It typically takes around six months from enrolling in broker licensing courses to passing the state exam. So begin the process in 2018 to ensure you are positioned to either negotiate with your broker for a better fee split as a broker-associate or go independent and establish your own brokerage operation before the recession arrives in 2020.

Agents unable to meet the requirements to become a broker might well approach their employing broker and begin negotiations for a better fee split. This is best done when your transaction volume is above average, as it shows your worth as their agent.

Read about the full requirements and the process to become a broker here.

Actions to take during the recession

The most important thing to remember in the coming years is that a recession is full of just as many opportunities as a housing boom — you might just need to look in different places to find them. Recessions allow the determined to push forward. Here are some steps to take during the coming recession:

  1. Consider purchasing property by bringing together investors to take advantage of the low price points expected during the recession. You do this by personally entering into a purchase agreement to buy a property you select for acquisition, then soliciting investors to collectively contribute funds and credit to buy the property, and form a limited liability company (LLC) to complete the purchase. A recession is the ideal time to be an agent or broker conducting business as a real estate syndicator purchasing income-producing investment property at the bottom of the market. [See Realtipedia volume: Forming Real Estate Syndicates]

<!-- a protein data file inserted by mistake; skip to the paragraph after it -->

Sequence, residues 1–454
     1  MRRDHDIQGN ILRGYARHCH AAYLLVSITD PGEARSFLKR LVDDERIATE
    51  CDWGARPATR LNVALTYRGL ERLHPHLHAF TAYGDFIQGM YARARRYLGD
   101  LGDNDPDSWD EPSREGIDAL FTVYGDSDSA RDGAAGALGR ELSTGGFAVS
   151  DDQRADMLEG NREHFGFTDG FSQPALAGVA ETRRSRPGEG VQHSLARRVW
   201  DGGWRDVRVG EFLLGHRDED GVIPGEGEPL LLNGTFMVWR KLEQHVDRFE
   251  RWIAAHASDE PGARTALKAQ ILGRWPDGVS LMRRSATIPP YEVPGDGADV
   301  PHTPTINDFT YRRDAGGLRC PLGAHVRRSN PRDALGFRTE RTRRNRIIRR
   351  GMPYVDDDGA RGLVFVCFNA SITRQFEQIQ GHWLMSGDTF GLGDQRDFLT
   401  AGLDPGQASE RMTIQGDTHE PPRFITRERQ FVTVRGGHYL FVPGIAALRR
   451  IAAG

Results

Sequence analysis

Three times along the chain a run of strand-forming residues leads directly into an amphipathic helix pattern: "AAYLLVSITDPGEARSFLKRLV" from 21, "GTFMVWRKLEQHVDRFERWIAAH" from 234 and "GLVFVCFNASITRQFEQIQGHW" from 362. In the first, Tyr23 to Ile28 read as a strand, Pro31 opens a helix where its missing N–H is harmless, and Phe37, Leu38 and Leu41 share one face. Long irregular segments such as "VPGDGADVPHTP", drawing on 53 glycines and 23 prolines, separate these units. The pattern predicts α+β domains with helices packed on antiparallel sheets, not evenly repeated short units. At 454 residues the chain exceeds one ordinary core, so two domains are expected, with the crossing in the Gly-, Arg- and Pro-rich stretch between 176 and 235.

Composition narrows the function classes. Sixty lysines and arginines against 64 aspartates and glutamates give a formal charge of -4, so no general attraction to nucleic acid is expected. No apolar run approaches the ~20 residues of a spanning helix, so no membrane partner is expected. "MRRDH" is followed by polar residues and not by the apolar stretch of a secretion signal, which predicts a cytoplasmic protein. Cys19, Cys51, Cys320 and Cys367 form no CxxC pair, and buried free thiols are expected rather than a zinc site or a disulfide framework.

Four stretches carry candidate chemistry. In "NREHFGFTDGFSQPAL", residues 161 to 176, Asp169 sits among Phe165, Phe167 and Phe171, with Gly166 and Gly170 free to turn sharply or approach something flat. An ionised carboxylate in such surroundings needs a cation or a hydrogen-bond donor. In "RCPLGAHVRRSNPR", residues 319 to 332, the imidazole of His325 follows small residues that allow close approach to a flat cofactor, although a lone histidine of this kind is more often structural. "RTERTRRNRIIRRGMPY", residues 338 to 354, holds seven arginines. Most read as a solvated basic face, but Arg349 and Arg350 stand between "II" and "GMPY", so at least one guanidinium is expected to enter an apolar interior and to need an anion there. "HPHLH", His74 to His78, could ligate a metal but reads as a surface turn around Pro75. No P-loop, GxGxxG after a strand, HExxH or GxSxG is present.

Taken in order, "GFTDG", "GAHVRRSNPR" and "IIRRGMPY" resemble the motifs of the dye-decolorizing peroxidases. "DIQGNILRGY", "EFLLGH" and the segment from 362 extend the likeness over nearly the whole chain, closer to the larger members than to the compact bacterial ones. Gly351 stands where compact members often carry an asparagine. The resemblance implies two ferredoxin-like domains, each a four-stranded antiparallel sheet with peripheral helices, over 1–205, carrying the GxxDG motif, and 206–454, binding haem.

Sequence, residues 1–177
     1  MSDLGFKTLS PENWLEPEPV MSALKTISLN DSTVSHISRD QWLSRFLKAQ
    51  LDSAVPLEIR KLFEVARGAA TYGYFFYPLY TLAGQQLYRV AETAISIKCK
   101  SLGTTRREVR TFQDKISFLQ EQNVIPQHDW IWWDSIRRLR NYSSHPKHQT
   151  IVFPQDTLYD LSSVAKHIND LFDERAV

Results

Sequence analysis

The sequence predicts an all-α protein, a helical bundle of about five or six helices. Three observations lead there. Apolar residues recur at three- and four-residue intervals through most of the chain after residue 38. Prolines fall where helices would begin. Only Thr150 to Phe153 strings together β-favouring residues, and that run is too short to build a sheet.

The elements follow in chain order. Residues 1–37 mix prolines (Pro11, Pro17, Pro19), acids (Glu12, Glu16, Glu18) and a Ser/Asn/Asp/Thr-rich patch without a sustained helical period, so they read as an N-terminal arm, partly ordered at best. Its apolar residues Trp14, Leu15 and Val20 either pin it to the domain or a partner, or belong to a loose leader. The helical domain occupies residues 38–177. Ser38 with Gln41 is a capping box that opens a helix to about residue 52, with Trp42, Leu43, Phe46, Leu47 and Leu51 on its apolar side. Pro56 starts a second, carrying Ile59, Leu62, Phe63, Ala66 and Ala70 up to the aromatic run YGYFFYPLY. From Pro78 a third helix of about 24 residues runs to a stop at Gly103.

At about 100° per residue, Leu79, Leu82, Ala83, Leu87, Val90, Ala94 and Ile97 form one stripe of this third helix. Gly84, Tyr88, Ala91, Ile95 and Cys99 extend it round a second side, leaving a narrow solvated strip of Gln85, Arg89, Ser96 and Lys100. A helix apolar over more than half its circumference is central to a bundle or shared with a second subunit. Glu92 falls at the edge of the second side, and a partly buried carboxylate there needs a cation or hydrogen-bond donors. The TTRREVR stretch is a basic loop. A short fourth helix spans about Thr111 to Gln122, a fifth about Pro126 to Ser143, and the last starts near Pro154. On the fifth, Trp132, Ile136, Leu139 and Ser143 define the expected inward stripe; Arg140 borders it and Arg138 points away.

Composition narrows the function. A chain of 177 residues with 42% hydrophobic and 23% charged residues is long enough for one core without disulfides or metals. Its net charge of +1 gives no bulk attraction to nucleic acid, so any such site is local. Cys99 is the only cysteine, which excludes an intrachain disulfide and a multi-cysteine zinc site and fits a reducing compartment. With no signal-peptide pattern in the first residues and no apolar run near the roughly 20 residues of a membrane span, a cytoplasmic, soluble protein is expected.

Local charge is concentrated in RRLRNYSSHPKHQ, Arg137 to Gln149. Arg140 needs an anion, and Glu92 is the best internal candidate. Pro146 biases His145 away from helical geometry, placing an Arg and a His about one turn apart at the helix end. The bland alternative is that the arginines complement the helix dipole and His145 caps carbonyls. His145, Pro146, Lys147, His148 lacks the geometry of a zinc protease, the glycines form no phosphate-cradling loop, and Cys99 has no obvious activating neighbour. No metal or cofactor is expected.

2. You may also consider branching out into property management, one of the few recession-proof real estate jobs.
  3. During the recession, shift the focus of your marketing efforts to homebuyers and investors rather than sellers. Chase expired listings not for a listing, but for the possibility of purchasing the property on behalf of a buyer – submitting offers to buy, not offers to list. During the slower sales of the recessionary period, time previously spent on managing listings is best spent locating and cultivating acquaintances with potential buyers as new clients. This, as an aspect of estate building, will serve you well during and after the recession.
  4. Consider becoming a foreclosure or short sale specialist, then market yourself as having the expertise. Study the California rules protecting homeowners during the foreclosure process, the tax impacts of completing a foreclosure or short sale and the tricky negotiations for discounts with mortgage lenders on negative equity properties. Offer your services as an informed expert to homeowners and homebuyers alike. [See Realtipedia volume: Buying Homes in Foreclosure]
  5. The reduced mortgage availability during the recession, along with higher interest rates, are easily turned into deal-making opportunities through your study of creative real estate arrangements, including carryback or “owner will carry” financing. Knowledge of these tight mortgage market financing arrangements will help your sellers’ properties stand out from the growing number of listings. [See Realtipedia volume: Creating Carryback Financing]
  6. Learn the rules for §1031 exchanges, which allow owners to sell their property and defer the taxes on the profit (or loss) when they use the sales proceeds to purchase like-kind property. [See: The §1031 investment plan, explained]

Investors make up a larger portion of real estate players during any recession and recovery, and the same will be true for 2020 and the years following.